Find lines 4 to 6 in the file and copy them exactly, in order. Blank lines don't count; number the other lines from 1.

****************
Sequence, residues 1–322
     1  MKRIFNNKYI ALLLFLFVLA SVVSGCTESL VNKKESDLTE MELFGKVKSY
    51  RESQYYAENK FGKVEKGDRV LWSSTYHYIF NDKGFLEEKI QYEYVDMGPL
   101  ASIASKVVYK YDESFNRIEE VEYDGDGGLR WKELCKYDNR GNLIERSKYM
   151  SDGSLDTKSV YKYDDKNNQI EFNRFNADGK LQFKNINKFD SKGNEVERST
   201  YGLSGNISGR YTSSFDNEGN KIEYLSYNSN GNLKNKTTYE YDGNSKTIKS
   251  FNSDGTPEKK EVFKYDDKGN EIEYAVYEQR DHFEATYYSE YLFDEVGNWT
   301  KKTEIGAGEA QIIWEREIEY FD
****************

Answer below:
   101  ASIASKVVYK YDESFNRIEE VEYDGDGGLR WKELCKYDNR GNLIERSKYM
   151  SDGSLDTKSV YKYDDKNNQI EFNRFNADGK LQFKNINKFD SKGNEVERST
   201  YGLSGNISGR YTSSFDNEGN KIEYLSYNSN GNLKNKTTYE YDGNSKTIKS